How We Can Inspire People to Care About Social Change & Feel Good About Themselves in the Process?

People only become active in social change movements because these movements speak to deep longings that go far beyond those for economic justice.

If the Wisconsin struggle between the unions and Governor Walker showed us anything, it was that the needs that animate people around progressive causes are not simply needs for money or financial security. The need for community and its accompanying feeling of belonging and the need to connect with something larger than the self, the need for meaning, were every bit as important in generating the special enthusiasm and emotional engagement seen for weeks in and around the state capitol in Madison.

This has been the experience of the Left for generations. Movements that engaged people at a deep level had the most staying power and the most impact. At this level, people are motivated by a range of needs other than those for economic security, including needs for meaning, connectedness, recognition, and agency.

Unfortunately, despite evidence that this is so, progressives are often blind to the importance of these needs.

People only become active in social change movements because these movements speak to deep longings that go far beyond those for economic justice. These needs interact, overlap and rise and fall in importance depending on the situation. The civil rights movement spoke to a hunger to be connected to something bigger than the self. But the institution that provided the base of this movement, the black church, thrived on its power to provide recognition in dozens of way to its members.

The women’s movement initially based itself on the relational power of small groups, arguing that personal needs and suffering can form the basis of a political agenda. The highest periods of member engagement in the life of a labor union occur when people feel a sense of agency in standing up to a boss or during the height of a campaign. As Cesar Chavez once observed, “When a man or woman, young or old, takes a place on a picket line for even a day or two, he will never be the same again.”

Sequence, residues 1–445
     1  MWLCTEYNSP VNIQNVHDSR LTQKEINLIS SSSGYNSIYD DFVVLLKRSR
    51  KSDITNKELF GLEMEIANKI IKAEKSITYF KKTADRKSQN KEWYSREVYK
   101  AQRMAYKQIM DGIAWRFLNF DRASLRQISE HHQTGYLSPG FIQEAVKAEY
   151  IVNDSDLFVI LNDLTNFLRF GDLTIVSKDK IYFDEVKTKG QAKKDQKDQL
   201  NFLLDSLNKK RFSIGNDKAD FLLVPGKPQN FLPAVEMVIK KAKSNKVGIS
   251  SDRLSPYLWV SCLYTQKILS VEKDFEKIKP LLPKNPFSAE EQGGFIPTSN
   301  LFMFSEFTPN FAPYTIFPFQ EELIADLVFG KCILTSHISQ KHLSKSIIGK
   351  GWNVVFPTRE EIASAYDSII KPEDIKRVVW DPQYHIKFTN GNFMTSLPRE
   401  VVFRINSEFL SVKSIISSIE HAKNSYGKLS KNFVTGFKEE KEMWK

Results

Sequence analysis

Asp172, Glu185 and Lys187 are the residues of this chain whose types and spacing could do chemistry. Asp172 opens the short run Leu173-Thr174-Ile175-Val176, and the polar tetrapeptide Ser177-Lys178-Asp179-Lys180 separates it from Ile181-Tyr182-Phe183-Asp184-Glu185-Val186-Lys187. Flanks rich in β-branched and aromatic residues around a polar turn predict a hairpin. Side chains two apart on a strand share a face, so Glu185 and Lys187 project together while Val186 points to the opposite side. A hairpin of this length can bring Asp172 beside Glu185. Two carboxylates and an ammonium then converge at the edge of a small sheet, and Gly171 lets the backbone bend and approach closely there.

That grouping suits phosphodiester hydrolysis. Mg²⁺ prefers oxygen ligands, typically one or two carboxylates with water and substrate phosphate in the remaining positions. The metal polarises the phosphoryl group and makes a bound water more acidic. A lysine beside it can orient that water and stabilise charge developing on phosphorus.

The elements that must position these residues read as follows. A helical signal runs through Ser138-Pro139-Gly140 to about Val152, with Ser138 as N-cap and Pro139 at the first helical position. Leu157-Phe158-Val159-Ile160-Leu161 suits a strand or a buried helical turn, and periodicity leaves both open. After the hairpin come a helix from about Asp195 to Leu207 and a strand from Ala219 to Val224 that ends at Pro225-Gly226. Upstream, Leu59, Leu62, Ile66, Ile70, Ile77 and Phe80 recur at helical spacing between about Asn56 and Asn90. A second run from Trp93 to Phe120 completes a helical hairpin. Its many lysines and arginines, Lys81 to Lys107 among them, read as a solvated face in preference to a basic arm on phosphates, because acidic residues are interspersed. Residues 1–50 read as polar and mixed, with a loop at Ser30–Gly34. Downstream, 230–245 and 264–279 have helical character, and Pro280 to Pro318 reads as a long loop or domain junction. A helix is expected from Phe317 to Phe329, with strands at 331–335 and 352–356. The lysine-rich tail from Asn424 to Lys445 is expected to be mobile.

And, yet, this transparent reality is hidden from view in the work of organizers and leaders of progressive organizations who too often treat their staff, members and public audiences as if most of these needs are irrelevant. Instead, members and potential members are seen as motivated only by narrow economic self-interest with staff treated as one-dimensional means to fight for that end.

Corporations have understood the crucial motivational role of so-called “soft” — that is, non-economic — needs apart from the paycheck for decades. Almost every book on leadership published in the last 20 years emphasizes the importance of relationships and recognition. Huge studies have been done on companies that have succeeded and failed in an attempt to come up with the secret sauce of success, and invariably, the answer involves the ways in which the culture of a company engages employees at levels above and beyond compensation. In a recent article, Arianna Huffington reports on a similar emphasis in advertising today, with more and more corporations explicitly touting their social engagement and desire to speak to a higher purpose.

Too often, the Left discovers its campaigns for economic justice and various aspects of the social safety net fall on cynical or resigned ears, even among our system’s greatest victims. Conservative groups, on the other hand, often seem better able to connect with these same “victims,” even though the connection seems to progressives as patently opposed to these victims’ economic self-interest. The growth of mega-churches, the rise of the evangelical movement, and the recent popularity of the Tea Party all involve people drawn to communities that support a political and economic system inimical to their own needs for material security. The reasons have little to do with anyone’s economic bottom line. They do so because they appear to address multiple levels of suffering and multiple needs.